Wednesday, March 01, 2017

Europe's Open Generosity to Muslim Immigration and Refugees

Sweden was once one of the safest countries in the world, until it began focusing on a multi-cultural immigration program.
Sweden was once one of the safest countries in the world, until it began focusing on a multicultural immigration program.

"The troubles that Sweden has gone through in recent years, since mass migration began in earnest, are hard indeed to ignore. These troubles include the setting up of what the American scholar of Islam, Daniel Pipes, most accurately referred to as 'semi-autonomous sectors'. Although non-Muslims can enter, the areas are different from the rest of the country. These are areas where, for instance, police, fire and ambulance services refuse to enter because they and other authority figures representing the state frequently come under attack. The filmmaker, Ami Horowitz, experienced the downside of some of these areas. On a recent visit to Sweden he was attacked for taking a film crew into a suburb of Stockholm when some of the locals objected. We are being given an accurate representation of a serious problem."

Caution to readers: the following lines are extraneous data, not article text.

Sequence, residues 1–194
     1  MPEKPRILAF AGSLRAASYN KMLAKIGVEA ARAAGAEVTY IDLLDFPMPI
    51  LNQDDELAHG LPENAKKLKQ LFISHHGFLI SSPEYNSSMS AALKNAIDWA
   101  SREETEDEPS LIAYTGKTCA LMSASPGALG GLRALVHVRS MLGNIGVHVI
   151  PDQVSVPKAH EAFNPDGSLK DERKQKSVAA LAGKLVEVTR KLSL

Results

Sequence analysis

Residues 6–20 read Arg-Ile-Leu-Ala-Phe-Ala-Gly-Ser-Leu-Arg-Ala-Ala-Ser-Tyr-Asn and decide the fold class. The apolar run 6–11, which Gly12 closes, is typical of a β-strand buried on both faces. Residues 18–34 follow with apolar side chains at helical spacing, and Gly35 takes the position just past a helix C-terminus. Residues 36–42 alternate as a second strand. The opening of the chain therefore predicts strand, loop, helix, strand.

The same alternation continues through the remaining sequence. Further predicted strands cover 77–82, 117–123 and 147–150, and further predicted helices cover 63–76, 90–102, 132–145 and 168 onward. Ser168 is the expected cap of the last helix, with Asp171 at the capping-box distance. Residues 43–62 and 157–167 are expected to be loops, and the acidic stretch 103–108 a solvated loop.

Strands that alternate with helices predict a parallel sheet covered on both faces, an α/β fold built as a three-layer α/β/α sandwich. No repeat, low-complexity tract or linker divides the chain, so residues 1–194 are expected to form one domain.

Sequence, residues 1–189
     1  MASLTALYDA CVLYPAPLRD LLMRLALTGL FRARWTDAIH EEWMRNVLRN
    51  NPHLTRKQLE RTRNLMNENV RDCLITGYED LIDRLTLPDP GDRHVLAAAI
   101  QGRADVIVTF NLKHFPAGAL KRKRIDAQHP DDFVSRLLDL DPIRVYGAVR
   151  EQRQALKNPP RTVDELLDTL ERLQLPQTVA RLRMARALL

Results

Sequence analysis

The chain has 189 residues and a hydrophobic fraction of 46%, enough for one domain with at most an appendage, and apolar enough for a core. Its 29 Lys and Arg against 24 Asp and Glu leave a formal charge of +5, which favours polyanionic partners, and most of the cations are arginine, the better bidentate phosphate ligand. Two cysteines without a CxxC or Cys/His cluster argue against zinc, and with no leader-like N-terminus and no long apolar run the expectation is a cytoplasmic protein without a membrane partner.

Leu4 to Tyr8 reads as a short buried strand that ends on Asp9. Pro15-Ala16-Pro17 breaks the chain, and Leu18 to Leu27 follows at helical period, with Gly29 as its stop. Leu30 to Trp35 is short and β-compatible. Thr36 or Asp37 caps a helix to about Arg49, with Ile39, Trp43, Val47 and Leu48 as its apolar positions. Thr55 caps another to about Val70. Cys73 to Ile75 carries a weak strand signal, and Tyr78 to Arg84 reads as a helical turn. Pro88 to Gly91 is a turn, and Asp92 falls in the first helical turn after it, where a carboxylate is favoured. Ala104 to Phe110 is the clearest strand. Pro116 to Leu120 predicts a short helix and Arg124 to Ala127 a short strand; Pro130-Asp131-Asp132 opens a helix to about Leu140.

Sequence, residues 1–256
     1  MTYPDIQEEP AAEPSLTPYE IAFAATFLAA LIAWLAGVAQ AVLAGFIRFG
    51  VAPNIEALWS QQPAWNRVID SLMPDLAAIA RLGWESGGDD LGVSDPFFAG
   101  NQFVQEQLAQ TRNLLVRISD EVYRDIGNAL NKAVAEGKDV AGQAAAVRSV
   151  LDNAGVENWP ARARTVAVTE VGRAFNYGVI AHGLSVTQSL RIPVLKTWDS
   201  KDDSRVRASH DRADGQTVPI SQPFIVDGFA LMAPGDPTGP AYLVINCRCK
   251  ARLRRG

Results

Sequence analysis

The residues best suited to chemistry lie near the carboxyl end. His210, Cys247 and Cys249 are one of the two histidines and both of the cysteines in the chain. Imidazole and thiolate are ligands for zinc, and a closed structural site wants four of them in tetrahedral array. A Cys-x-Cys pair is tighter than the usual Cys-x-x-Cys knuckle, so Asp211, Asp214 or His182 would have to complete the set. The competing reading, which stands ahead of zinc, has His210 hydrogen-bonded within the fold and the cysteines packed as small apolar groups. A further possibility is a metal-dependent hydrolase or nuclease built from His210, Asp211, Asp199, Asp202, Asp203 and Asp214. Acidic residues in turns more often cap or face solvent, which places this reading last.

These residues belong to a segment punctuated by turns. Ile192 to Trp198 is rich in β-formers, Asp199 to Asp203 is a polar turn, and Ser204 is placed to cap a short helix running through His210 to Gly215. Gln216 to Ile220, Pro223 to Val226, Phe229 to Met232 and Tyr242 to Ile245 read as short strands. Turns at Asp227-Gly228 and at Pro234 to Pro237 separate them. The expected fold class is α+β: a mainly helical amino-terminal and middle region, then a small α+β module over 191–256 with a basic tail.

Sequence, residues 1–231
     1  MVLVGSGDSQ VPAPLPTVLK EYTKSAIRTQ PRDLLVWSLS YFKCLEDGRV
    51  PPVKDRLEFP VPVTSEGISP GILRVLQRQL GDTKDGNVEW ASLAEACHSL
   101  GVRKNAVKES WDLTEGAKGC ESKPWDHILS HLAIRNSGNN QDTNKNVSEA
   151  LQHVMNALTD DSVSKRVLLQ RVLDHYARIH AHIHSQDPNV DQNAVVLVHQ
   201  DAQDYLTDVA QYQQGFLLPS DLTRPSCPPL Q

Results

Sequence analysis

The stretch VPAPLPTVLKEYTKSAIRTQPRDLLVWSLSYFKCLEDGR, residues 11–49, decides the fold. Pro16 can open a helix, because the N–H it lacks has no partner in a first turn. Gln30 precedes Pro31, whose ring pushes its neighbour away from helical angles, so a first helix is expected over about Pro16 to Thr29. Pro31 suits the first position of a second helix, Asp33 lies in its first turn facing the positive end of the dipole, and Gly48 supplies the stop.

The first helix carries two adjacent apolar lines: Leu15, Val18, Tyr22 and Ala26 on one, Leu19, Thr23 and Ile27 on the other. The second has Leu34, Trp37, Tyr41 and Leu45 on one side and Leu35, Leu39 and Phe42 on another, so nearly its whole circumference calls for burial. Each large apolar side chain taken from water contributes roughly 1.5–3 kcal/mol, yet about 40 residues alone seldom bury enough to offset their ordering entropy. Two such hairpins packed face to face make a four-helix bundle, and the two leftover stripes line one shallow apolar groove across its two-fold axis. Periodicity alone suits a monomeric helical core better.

"Car-burnings and riots do break out in Sweden today with considerable regularity, and sexual assaults have sky-rocketed in the country (although these figures are the subject of heated debate over whether they represent a rise in incidents or a rise in reporting). Either way, rapes carried out by immigrants remain a real and underreported issue. The authorities – including the Swedish media – have refused to run stories about these unpleasant facts."
"In Sweden, more than in perhaps any other European country, the media is homogeneous in its support for the left-wing status quo in the country, and this includes a support for the views of recent governments on immigration policy. Anything which could give ammunition to critics of that policy is -- as in Germany -- deliberately under-reported or actively covered over by the majority of the media."
Douglas Murray, British author, commentator, public affairs analyst

Swedish police escort U.S. journalist @Timcast out of migrant area fearing for his safety - still from video, Gatestone Institute

A former Prime Minister of Sweden was quick to pen and publish an article meant for mass distribution, to contradict any unfortunate impression that people listening to the President of the United States -- during a speech when he used Sweden as an example of good intentions gone awry through its immigration file -- may have come away with. Nothing awry in Sweden, he wrote cheerily. The Muslim immigrants have assimilated nicely and all is sweetness and light.

Swedes in general also responded to that astonishing slight against their nation's generous political stance in absorbing Muslim immigrants and refugees into their welfare state by mocking Donald Trump's clumsily interpreted assertion that Sweden is no longer what it once was, overwhelmed by the suffocating presence of an ideological and political theism that in fact is in full denial of Swedish values and concerns, bringing with them a system of laws and justice in contravention of its own.